Moreover, the proposal encompassed lands largely known to be inhospitable for cultivation, thus avoiding conflict over the issue of the expansion of slavery.
The proposal for the state was considered by some to be too ambitious to succeed in Congress, even disregarding the controversy over the Mormon practice of polygamy. Nevertheless, in 1849 U.S. President Zachary Taylor, eager to avoid disputes as much as possible, sent his agent John Wilson westward with a proposal to combine California and Deseret as a single state, which would have had the desirable effect of decreasing the number of free states entered into the Union, and thus preserving the balance of power in the Senate.
The California Constitutional Convention debates of 1849 mentioned the Mormons or Salt Lake a number of times   along with the North–South conflict over extension of slavery. Advocates of smaller boundaries (such as 116° west or the crest of the Sierra Nevada) argued that the Mormons were unrepresented at the convention, culturally different, and applying for their own territorial government. They also argued that Salt Lake was too far away for a single government to be practical and that Congress would not agree to such a huge state. Those advocating retention of all of former Mexican Alta California, such as pro-slavery future Senator William M. Gwin, argued these were not real obstacles or could be solved later.
On February 3, 1851, Brigham Young was inaugurated as the first governor of the Utah Territory. On April 4, 1851, the General Assembly of Deseret passed a resolution to dissolve the state. On October 4, 1851, the Utah territorial legislature voted to re-enact the laws and ordinances of the state of Deseret.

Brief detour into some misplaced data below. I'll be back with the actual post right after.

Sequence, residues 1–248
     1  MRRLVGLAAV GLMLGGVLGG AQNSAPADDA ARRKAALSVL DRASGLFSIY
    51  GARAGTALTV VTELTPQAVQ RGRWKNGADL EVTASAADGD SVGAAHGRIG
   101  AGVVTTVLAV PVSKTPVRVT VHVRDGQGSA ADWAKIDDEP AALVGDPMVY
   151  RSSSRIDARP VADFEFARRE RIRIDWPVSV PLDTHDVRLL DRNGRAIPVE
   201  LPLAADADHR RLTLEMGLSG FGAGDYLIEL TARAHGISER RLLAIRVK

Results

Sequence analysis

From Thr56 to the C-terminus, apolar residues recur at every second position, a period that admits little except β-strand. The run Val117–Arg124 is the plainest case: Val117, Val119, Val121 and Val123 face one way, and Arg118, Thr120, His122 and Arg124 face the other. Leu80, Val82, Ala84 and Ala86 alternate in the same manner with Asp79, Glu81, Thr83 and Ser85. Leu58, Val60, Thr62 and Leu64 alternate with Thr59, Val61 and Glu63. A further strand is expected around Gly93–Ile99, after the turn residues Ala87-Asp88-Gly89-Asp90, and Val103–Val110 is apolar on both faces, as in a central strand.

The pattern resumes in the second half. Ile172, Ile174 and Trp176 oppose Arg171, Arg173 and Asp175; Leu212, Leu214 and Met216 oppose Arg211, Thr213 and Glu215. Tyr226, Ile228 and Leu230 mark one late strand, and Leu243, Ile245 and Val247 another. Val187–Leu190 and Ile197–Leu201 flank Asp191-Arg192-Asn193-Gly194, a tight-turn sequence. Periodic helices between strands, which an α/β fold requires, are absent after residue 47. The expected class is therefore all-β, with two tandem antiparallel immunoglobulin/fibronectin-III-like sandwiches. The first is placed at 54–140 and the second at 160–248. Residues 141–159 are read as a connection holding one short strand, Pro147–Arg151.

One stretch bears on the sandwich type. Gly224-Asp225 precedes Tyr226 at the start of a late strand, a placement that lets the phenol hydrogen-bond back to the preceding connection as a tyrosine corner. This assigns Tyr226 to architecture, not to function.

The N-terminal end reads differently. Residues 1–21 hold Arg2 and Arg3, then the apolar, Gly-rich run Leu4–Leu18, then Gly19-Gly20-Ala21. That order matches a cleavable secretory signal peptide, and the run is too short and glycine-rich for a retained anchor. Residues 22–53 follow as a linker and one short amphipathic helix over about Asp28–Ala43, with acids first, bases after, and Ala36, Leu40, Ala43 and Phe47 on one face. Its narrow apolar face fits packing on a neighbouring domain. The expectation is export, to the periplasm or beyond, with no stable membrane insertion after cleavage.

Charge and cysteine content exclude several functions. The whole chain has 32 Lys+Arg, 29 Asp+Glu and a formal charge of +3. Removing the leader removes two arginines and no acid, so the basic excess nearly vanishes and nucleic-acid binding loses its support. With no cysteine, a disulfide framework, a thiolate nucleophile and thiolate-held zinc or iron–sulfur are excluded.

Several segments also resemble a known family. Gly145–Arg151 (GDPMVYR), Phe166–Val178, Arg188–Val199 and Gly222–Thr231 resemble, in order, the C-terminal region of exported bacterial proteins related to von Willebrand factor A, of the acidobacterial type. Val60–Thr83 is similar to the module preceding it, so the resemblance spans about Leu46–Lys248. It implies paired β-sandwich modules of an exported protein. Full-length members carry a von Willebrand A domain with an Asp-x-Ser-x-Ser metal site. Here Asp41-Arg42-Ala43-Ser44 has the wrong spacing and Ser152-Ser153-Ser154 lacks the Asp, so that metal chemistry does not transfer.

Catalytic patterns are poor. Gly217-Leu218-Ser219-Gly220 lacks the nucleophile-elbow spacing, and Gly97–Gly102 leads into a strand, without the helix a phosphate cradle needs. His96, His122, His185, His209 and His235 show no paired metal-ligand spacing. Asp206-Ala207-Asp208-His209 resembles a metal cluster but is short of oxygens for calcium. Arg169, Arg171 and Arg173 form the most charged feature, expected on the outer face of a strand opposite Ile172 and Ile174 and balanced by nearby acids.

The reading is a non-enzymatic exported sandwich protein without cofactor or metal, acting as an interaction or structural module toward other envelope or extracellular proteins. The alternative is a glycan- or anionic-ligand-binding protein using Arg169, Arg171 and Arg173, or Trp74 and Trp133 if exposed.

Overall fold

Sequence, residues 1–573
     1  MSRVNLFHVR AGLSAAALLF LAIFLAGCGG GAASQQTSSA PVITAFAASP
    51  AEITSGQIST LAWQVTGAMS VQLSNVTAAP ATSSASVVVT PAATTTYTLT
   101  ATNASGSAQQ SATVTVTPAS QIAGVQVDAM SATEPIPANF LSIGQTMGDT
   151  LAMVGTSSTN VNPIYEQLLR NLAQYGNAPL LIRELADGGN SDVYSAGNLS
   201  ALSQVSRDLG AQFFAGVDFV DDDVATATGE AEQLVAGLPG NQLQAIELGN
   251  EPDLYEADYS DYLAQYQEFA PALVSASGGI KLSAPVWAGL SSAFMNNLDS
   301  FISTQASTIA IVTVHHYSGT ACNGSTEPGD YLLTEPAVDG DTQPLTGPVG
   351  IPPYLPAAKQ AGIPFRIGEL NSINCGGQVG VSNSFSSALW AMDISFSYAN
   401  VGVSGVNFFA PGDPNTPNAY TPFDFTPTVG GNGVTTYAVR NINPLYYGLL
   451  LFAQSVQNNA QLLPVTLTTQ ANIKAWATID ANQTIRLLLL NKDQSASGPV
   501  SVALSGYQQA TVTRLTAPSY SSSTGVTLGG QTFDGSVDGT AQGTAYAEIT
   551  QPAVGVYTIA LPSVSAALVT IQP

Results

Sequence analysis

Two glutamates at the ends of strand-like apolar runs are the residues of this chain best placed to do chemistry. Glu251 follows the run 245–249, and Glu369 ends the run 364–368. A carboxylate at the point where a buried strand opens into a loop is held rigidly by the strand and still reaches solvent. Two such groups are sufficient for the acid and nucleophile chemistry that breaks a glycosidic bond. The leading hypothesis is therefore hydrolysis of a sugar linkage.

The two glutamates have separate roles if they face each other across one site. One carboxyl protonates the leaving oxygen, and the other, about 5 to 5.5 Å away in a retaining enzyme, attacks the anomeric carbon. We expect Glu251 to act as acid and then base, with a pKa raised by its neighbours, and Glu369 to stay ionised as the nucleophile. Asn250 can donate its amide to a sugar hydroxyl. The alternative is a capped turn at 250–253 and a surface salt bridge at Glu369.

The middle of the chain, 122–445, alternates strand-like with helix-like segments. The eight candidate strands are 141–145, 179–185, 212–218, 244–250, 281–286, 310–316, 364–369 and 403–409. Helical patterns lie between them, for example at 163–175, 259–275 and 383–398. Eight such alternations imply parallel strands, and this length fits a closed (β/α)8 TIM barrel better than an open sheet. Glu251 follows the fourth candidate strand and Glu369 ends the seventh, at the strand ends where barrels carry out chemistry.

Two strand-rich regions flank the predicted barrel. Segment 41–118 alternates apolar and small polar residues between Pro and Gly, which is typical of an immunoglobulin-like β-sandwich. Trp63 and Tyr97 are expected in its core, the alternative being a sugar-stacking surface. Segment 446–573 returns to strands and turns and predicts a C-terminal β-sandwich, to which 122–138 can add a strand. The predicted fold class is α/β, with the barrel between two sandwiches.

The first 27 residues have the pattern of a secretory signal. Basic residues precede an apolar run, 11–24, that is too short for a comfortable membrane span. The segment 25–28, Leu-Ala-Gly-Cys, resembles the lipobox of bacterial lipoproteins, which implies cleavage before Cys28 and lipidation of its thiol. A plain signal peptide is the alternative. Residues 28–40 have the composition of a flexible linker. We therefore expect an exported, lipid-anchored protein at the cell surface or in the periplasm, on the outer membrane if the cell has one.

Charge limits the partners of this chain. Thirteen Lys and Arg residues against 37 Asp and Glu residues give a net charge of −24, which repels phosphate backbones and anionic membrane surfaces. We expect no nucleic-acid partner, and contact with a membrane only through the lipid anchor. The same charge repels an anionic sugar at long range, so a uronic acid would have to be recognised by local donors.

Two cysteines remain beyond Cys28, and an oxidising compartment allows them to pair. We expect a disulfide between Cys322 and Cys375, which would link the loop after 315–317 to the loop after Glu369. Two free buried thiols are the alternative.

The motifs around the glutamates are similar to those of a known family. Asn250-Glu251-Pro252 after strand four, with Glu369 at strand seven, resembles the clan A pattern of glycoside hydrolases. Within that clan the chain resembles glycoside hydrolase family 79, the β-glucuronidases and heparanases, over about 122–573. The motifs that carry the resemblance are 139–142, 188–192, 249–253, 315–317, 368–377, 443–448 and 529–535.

After the establishment of the Utah Territory, the Latter-day Saints did not relinquish the idea of a "State of Deseret". From 1862 to 1870, a group of Mormon elders under Young's leadership met as a shadow government after each session of the territorial legislature to ratify the new laws under the name of the "state of Deseret". Attempts were made in 1856, 1862, and 1872 to write a new state constitution under that name based on the new boundaries of the Utah Territory.
The idea of creating a state based on Mormonism began to fade away after the coming of the railroad, which opened the territory to many non-Mormon settlers, particularly in the western areas of the territory. Young and the LDS Church supported the railroad, even taking members that were working on the Salt Lake Temple and reassigning them to work on the railroad. The driving of the golden spike just 66 miles from Salt Lake completed the first transcontinental railroad at Promontory Summit in 1869. Officials from Utah Territory and leaders of the LDS Church were not involved in the festivities of the day.[ citation needed]